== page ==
It’s an intergalactic ménage à trois that doesn’t involve Uranus.
Thought the 2020 “double planet” was impressive? This weekend, stargazers can witness Mercury, Jupiter and Saturn share the sky as part of a mind-blowing “triple conjunction.”
As a service to sky watchers, we’ve rounded up everything you need to know about this interstellar phenomenon.
What is the “triple conjunction”?
A triple conjunction occurs when three planets align in the sky, forming a celestial conga line of sorts.
During this year’s triple-header, Mercury, Jupiter and Saturn will appear within 2 degrees of each other in the Capricorn constellation, Forbes reported.
NASA wrote that “from Friday evening to Monday evening, the planet Mercury will appear to pass [by] first Saturn and then Jupiter as it shifts away from the horizon, visible each evening low in the west-southwest and setting before evening twilight ends.”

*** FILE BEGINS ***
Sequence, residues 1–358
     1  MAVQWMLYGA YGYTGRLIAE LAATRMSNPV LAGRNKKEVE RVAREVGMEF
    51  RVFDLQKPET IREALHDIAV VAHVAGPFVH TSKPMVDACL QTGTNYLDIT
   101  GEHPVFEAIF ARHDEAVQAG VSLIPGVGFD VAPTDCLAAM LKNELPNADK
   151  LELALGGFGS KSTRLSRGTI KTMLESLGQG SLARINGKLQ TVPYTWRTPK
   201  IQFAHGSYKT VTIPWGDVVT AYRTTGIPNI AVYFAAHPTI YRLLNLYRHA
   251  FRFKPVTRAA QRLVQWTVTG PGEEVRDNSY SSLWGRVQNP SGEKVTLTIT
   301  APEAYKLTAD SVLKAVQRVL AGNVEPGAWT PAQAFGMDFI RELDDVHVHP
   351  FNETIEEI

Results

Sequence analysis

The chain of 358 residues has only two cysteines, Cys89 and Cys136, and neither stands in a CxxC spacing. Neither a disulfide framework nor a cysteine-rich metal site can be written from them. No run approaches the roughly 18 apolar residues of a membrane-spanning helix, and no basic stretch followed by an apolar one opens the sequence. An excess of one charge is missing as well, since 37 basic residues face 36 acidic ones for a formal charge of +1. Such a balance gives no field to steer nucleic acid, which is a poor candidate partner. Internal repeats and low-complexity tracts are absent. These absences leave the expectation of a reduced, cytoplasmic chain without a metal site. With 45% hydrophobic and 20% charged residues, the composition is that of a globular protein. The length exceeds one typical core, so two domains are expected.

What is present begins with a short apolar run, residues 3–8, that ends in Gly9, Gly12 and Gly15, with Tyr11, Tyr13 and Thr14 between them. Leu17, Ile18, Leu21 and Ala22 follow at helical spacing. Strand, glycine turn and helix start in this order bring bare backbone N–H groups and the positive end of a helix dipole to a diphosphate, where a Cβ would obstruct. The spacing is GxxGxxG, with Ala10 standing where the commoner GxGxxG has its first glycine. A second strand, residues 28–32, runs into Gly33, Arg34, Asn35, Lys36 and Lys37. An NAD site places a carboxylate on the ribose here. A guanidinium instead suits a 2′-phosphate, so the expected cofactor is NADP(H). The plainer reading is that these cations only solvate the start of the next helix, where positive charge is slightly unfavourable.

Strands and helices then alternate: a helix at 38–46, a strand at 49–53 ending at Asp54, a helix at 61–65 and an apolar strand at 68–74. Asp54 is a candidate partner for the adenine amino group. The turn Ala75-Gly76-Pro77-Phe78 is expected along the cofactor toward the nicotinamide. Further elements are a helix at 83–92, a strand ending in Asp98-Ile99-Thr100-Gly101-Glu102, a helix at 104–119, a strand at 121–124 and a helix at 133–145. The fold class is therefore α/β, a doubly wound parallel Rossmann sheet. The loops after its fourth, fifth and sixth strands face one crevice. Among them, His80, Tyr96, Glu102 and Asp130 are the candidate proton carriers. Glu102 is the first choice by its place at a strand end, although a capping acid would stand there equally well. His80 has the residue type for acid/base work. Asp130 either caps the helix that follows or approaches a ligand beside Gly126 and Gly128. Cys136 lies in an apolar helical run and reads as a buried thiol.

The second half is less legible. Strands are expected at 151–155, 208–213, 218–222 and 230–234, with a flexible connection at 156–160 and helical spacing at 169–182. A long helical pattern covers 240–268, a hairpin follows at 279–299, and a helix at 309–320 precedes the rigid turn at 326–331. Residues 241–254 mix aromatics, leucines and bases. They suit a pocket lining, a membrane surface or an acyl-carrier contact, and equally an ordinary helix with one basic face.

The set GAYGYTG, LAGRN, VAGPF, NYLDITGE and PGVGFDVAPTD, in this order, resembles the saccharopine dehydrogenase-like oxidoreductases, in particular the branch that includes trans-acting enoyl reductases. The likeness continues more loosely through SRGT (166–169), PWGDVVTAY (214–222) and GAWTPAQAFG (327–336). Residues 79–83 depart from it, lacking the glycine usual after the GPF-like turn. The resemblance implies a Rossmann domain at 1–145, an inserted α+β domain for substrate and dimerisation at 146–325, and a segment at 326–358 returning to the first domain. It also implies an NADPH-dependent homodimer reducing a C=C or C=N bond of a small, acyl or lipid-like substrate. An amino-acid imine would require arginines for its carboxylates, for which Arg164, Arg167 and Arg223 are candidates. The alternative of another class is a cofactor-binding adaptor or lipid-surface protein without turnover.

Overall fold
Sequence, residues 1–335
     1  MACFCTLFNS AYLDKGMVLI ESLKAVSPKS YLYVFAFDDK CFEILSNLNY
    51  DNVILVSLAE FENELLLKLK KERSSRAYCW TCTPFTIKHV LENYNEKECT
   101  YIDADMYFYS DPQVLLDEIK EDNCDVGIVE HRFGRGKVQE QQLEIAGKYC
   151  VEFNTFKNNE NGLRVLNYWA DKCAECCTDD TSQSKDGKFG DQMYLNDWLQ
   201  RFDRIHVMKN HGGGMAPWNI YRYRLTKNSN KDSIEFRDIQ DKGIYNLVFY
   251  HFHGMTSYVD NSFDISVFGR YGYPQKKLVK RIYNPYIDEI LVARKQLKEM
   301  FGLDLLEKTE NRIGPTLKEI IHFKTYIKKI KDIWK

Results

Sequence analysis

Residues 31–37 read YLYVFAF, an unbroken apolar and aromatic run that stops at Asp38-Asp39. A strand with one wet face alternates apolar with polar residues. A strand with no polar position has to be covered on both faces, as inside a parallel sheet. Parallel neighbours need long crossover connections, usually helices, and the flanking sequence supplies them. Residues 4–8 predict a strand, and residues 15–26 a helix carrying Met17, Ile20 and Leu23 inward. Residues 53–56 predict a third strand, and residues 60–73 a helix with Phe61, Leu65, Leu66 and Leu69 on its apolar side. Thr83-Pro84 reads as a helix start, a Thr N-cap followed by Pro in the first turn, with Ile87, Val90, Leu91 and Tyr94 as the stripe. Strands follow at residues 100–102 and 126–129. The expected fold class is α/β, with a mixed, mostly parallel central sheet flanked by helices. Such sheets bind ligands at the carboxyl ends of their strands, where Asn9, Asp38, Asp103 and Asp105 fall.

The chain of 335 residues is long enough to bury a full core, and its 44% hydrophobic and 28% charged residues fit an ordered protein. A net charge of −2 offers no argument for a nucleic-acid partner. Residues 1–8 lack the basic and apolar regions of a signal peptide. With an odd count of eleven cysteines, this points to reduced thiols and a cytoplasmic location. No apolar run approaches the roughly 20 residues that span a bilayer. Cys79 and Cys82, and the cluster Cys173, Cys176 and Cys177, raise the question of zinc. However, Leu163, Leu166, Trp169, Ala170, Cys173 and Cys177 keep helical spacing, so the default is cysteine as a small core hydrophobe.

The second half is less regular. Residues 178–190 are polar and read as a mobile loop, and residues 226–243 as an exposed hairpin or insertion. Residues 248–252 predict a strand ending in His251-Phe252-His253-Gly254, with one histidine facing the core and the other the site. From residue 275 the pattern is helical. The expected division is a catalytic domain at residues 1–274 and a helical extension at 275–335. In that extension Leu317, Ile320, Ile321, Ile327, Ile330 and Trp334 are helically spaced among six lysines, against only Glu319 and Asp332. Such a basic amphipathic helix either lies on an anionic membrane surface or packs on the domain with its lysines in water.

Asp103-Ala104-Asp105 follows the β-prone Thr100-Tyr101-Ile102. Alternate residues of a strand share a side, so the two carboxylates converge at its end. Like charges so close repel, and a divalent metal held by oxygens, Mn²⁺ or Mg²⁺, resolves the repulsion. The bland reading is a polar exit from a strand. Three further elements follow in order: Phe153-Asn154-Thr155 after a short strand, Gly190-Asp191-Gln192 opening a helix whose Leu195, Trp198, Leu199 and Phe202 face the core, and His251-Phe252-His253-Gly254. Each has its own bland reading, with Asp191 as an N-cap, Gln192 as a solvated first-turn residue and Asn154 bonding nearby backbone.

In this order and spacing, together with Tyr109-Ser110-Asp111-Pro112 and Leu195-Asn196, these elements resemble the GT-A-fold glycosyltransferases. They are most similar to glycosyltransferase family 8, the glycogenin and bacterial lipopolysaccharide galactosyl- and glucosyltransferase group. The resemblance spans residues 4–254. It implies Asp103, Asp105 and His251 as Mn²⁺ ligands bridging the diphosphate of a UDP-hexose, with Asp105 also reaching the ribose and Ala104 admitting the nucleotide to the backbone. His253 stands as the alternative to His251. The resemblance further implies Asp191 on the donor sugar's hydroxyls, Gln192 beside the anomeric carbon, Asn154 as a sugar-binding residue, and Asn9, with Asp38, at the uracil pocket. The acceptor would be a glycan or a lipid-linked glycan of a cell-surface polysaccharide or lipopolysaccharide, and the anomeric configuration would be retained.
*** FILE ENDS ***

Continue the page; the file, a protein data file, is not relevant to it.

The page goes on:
How to see the spectacle
The window for catching this cosmic congregation is short. EarthSky reports that the planetary trio will be visible at dusk but will set by nightfall, so stargazers will ideally need to station themselves at an unobstructed horizon within 30 minutes before sunset.
Once at a suitable vantage point, sky watchers are advised to look low to the west-southwest horizon, according to NASA.
While binoculars are recommended, intergalactic gawkers can witness the triple conjunction with the naked eye by first looking for Jupiter — the brightest of the three — then spotting Saturn and Mercury.
When is the next triple conjunction?
After this weekend, the next time these three planets align will be just before Valentine’s Day, on Feb. 13.
In fact, this particular three-way happens fairly frequently by space standards, with the most recent such interplanetary rendezvous occurring in 2015. By contrast, last month’s “Christmas star” marked the first Jupiter-Saturn conjunction since 1226.